A payment model created under the Affordable Care Act, which has incentivized some health systems to place a greater emphasis on home care, has generated substantial savings to Medicare, a new study reveals.
The Pioneer Accountable Care Organization (ACO) Model generated more than $384 million in savings to Medicare over its first two years, giving the government cause to expand the patient care model to a larger population of Medicare beneficiaries.
The savings to Medicare, an average of approximately $300 per participating beneficiary per year, were released by the Department of Health and Human Services (HHS) this week.
“The [Office of the Actuary in the Centers for Medicare & Medicaid Services’] certification that expansion of Pioneer ACOs would reduce net Medicare spending, coupled with [HHS] Secretary Sylvia Mathews Burwell’s determination that expansion would maintain or improve patient care without limiting coverage or benefits, means that HHS will consider ways to scale the Pioneer ACO Model into other Medicare programs,” HHS said Monday in a statement.
Currently, the Pioneer ACO Model is serving more than 600,000 Medicare beneficiaries. However, it is the far smaller of the ACO programs, compared with the Medicare Shared Savings Program. The Pioneer program was designed for health systems that already have experience in coordinating care across settings, in order to achieve cost savings while delivering high-quality outcomes. Participating organizations could receive greater monetary awards but also faced greater risks of penalties than those in the MSSP. Part of the Pioneer expansion could see MSSP participants switching over to the Pioneer model, according to CMS.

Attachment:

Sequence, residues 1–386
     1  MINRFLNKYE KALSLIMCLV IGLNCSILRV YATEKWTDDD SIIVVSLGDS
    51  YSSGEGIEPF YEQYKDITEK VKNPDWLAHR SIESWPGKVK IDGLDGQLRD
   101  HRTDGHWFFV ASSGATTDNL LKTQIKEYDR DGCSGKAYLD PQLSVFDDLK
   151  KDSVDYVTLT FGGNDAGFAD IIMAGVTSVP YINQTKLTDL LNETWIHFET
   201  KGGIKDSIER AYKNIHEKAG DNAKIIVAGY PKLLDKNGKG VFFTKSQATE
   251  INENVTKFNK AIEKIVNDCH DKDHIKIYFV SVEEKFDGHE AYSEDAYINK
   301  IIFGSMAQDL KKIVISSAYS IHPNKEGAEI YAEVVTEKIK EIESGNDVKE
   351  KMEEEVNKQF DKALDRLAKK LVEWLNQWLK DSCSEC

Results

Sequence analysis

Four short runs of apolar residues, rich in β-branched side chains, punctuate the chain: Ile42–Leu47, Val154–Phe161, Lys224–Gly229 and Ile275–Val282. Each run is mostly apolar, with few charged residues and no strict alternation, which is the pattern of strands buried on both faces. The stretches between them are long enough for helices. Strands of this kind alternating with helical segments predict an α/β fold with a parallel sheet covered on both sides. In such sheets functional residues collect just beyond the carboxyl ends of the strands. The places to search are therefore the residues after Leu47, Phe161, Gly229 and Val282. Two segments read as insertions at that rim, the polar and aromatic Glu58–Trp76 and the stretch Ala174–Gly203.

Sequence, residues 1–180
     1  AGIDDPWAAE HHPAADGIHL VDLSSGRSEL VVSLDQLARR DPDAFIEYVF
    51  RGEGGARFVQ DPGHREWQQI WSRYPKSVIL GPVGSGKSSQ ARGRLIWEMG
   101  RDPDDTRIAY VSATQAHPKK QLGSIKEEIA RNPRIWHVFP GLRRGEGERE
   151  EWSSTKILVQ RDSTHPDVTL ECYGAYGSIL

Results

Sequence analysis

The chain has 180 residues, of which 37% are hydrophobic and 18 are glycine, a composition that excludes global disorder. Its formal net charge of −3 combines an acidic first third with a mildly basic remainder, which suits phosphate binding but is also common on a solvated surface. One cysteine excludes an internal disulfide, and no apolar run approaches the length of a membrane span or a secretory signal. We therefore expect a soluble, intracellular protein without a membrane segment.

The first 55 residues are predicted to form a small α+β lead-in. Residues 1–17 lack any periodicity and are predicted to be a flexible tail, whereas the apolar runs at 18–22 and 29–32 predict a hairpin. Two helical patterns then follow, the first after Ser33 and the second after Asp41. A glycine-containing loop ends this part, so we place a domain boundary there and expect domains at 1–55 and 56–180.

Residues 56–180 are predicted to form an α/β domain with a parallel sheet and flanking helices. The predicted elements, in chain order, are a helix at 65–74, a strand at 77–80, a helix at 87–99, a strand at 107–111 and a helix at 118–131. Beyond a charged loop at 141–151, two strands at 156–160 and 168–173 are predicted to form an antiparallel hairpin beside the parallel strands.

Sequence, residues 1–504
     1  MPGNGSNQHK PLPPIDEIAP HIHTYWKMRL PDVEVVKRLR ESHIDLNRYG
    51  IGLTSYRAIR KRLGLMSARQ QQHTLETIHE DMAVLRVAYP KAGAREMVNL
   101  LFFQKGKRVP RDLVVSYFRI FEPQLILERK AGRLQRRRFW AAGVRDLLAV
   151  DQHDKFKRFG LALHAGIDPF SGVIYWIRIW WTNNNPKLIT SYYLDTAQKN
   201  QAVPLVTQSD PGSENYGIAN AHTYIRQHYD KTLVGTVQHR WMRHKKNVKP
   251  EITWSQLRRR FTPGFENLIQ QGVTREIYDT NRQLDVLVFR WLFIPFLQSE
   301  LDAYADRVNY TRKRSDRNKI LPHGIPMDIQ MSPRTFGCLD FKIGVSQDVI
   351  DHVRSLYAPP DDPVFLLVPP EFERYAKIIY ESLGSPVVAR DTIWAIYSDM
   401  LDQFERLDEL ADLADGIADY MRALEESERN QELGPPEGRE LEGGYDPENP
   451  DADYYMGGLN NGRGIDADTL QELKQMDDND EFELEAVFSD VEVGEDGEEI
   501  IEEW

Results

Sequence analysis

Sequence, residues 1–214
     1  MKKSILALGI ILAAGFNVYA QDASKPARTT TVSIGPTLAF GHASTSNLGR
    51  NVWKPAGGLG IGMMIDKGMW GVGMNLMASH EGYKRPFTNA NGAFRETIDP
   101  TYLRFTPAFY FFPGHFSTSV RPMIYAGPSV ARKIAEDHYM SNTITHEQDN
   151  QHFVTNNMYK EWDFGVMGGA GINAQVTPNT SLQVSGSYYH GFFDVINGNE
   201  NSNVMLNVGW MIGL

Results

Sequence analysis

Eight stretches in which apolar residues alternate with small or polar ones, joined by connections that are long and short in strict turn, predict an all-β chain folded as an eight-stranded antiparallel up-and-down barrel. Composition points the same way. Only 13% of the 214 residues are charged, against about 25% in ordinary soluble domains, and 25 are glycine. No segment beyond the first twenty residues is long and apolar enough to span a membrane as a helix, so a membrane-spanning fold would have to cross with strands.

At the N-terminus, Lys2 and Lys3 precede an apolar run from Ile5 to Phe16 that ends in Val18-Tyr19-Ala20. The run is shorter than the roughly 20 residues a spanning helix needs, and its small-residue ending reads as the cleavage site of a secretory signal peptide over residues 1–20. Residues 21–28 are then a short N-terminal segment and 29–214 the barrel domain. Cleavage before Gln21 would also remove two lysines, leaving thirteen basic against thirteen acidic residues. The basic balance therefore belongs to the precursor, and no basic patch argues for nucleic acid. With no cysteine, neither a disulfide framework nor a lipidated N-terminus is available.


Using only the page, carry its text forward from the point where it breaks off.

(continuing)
One of the 18 ACOs participating in the Pioneer program this calendar year, Arizona-based Banner Health Network, recently reported that it dramatically reduced hospitalizations and cut costs by implementing a telehealth initiative to improve home care for patients with chronic conditions.
Compared to their counterparts in regular fee-for-service or Medicare Advantage plans, Medicare beneficiaries who are in Pioneer ACOs on average report more timely care and better communication with their providers; use inpatient hospital services less and have fewer tests and procedures; and have more follow-up visits from their providers after hospital discharge, according to HHS’ report findings.
“This is a crucial milestone in our efforts to build a health care system that delivers better care, spends our health care dollars more wisely, and results in healthier people,” Burwell said in a statement. “The Affordable Care Act gave us powerful new tools to test better ways to improve patient care and keep communities healthier. The Pioneer ACO Model has demonstrated that patients can get high quality and coordinated care at the right time, and we can generate savings for Medicare and the health care system at large.”
The positive findings follow a rocky start for the program. By September of last year the program had seen the exit of 13 health systems, which stirred concerns that even sophisticated organizations may be unwilling to take losses while they wait for policymakers to test new payment and healthcare delivery models.
Pioneer ACOs generated Medicare savings of $279.7 million in 2012 and $104.5 million in 2013, data show. To date, actuarial analyses show that ACOs in the Pioneer ACO Model and the Medicare Shared Savings Program have generated over $417 million in total program savings for Medicare.
“This success demonstrates that CMS can design and test innovative payment and service delivery models that produce better outcomes for the Medicare program and beneficiaries,” said Patrick Conway, MD, the acting principal deputy administrator of CMS. “This gives CMS greater confidence in scaling elements of the model to benefit people across the nation, and we are working to determine the best strategies for embedding the lessons we have already learned from the Pioneer Model into permanent Medicare programs and our nation’s health system.”
Written by Cassandra Dowell